3. 1 point for each correct answer: A) Caffe Latte, B) Cappuccino and C) Caffe Americano.
4. B 1 point. Tuscan meats and cheeses are highly salted, so the bread is not.
5. B 1 point.
6. A 1 point. Torrone is nougat made from whipped egg whites, honey, vanilla ad walnuts or almonds.
7. 1 point for each correct answer: Gnocchi is B) "NYOH-kee"; Reggiano is A)"reh-JYAH-noh"; and Ricotta is B) "REE-koh-tah"
8. 1 point for each correct answer: Calzone is B) Trouser; Ciabatta is A) Slipper; Manicotti is D) Sleeves; and Cappellacci is C) Hats.
9. Give yourself 3 points if you got the entire order correct; 2 if you missed just one, 0 if you missed more than one. Aperitivo, Antipasto, Primo, Secondo, Formaggio e frutta, Dolce, Caffe, Digestivo.
10. Give yourself 1 point if you got the order correct: B) Spagetti, C) Linguine, D) Fettuccine and A) Papparadelle.
11. B 1 point. Brasaola is air-dried salted beef.
12. B 1 point.
13. 1 point for each correct answer: Pecorino Romano - C) Sheep; Caprino - A) Goat; Asiago - B) Cow.
14. Give yourself 1 point for each tool or ingredient you have on hand.
15. 1 point for each correct answer: Tricolore, Struffoli, Biscotti, Sfogliatelle.
16. C 1 point.
17.-20. True of False?
Tally your points:
0 -14 points-Italian in Training
15-29 points - Italian at Heart
20-44 points Full-blooded Italian
Sunday, February 13, 2011
I have been focusing my reading mainly on historical fiction this past year. My last read was hereabout Venice.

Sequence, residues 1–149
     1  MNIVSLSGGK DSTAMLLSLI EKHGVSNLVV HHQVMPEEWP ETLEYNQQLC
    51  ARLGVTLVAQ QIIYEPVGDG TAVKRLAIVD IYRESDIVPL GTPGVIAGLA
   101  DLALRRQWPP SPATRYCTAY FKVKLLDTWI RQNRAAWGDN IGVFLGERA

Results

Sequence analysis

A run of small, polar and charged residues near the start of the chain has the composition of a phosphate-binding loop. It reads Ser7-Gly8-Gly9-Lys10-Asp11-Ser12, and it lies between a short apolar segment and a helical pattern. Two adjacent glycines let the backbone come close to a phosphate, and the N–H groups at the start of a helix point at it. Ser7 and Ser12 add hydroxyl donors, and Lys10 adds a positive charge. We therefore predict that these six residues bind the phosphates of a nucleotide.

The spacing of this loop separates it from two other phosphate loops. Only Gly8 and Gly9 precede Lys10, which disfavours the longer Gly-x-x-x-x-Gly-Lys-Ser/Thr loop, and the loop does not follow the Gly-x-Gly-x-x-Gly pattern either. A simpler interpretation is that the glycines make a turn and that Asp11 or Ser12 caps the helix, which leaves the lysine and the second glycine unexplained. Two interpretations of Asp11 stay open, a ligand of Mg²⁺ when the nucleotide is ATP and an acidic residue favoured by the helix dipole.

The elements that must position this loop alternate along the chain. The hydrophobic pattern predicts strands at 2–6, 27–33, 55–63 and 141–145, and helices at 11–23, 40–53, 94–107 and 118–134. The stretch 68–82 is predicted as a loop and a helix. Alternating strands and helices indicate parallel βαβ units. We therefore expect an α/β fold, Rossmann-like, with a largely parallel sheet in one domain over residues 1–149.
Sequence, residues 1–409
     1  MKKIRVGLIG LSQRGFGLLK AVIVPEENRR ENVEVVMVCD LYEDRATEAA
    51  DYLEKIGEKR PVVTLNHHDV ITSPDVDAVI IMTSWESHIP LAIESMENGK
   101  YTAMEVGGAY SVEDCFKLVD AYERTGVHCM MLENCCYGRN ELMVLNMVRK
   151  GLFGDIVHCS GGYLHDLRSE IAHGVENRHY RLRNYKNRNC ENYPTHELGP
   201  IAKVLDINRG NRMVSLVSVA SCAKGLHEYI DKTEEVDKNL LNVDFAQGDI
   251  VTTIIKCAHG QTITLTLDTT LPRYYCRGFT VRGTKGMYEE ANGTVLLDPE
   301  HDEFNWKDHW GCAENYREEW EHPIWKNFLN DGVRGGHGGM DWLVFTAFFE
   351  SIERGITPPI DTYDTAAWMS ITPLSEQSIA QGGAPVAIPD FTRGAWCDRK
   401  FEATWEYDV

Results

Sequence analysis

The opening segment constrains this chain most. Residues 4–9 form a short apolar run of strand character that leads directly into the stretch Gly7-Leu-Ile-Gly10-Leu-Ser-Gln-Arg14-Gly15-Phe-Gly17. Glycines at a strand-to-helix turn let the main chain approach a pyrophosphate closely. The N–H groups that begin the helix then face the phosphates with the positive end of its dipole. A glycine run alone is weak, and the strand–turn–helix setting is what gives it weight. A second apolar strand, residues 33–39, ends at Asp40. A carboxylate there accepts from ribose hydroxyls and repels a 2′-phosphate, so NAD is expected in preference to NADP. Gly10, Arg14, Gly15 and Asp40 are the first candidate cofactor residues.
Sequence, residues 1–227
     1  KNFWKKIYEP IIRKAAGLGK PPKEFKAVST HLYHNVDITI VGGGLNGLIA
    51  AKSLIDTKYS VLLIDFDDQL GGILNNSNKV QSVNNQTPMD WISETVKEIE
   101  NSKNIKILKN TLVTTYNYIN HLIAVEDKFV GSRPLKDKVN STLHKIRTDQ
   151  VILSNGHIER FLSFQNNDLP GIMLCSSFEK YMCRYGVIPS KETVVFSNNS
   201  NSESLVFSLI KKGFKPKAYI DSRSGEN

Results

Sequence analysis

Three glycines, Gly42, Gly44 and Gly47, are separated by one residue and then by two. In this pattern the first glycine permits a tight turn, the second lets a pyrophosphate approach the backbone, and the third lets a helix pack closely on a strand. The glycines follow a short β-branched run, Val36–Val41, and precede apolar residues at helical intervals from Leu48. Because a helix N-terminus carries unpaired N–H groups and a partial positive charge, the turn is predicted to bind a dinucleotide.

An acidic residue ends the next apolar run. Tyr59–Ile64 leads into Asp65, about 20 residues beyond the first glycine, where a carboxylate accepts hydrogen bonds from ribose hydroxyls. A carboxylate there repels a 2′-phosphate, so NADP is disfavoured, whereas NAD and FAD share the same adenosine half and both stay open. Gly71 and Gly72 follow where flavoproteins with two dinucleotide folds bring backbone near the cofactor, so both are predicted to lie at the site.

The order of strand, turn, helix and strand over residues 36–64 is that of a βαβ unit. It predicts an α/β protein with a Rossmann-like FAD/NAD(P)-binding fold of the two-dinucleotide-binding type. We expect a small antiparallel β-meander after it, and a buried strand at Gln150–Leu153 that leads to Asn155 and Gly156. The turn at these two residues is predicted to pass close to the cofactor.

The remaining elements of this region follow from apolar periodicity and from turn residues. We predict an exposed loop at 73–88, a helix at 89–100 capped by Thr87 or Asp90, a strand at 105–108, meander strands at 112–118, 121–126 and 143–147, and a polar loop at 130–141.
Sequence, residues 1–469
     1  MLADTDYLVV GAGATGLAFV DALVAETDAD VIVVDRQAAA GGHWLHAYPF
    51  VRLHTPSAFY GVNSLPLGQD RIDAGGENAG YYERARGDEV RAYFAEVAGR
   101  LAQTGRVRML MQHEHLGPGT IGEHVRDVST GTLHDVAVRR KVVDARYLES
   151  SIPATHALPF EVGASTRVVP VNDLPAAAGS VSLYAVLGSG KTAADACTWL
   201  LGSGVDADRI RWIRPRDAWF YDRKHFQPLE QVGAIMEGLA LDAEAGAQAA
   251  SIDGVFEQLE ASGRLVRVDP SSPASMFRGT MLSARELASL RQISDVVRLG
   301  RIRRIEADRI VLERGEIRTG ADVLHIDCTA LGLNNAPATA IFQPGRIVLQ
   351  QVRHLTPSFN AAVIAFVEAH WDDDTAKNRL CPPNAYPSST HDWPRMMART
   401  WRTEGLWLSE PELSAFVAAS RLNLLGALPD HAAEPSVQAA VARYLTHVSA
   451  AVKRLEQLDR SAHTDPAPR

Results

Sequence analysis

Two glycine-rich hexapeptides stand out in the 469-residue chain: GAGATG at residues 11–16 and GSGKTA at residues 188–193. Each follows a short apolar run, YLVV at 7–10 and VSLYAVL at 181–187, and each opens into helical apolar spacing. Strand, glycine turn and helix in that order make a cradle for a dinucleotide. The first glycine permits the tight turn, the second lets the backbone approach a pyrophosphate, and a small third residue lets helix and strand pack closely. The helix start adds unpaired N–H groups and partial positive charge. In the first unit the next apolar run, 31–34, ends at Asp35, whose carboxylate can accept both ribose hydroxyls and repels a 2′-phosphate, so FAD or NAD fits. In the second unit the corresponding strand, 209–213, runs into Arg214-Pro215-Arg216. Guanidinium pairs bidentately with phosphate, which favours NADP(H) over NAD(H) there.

Historical fiction coincidentally illuminates interestingly provocative historical facts sometimes gleaned over or omitted in the guide books and history books. This is partly my interest in this type of genre. As an example, I have learned an interesting Florentine saying: "The nail that sticks out gets hammered back in." It's an enormously prophetic adage, wouldn't you say?
I am almost finished reading The Monster of Florence by Douglas Preston, coauthored with retired homicide detective Mario Spezi. The book cover features the Rape of the Sabines by Giovanni da Bologna which is displayed in the Piazza della Signoria in Florence. This is what drew me to the book - along with my interest and the fact that the book might uncover local folklore or urban culture regarding Florence. It's actually an account of an investigation covering the years 1951 to 2008 which chronicles the murders and mutilations of unsuspecting romantic couples and suicide and vengeance. Along the way there are snippets of local color and history which embellishes this story. That is if one can embellish the cold, hard garish facts of the case this book brings forth.
Preston draws the analogy of the statues featured on the Piazza della Signoria as one example of Florence being a city of contrasts in what he terms the 'sublime and terrible'. In another example, he cites Florence as the birthplace of the Renaissance and as the instigator of ferocious massacres and bloody wars. I don't mean to say that Preston is anti-Florence. In fact, he moved there and immersed himself and his family in its culture, history and current events.
WIthout becoming too intimidated by the abundance of facts, dates, names and events throughout the book, I am finding it quite interesting. Wondering if anyone who has read this book has a review to offer?
Saturday, February 12, 2011
Most of you know I am involved in the higher education field. This is a snapshot of one of the many Gothic buildings on the Boston College campus.The infamous football, basketball chant: We are BC! Boston College Eagles, that is. And, here are a few of our illustrious alums at one of the home football games.
Saturday, February 5, 2011
I checked and rechecked this week's theme:o) Leather, of course, is a key fashion ingredient in Florence!
Although, I can't help to include this fashion statement. Ty was very proud of these rubba slippas because he paid less than $1 for them and they lasted him over 10 years. Sadly (for him), they have met their demise!